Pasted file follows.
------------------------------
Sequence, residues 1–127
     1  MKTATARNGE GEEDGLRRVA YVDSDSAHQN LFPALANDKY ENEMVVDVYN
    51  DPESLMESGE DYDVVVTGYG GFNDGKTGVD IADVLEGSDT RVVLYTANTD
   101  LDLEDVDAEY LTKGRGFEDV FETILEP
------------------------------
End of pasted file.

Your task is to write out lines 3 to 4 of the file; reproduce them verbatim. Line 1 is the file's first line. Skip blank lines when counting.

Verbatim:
    51  DPESLMESGE DYDVVVTGYG GFNDGKTGVD IADVLEGSDT RVVLYTANTD
   101  LDLEDVDAEY LTKGRGFEDV FETILEP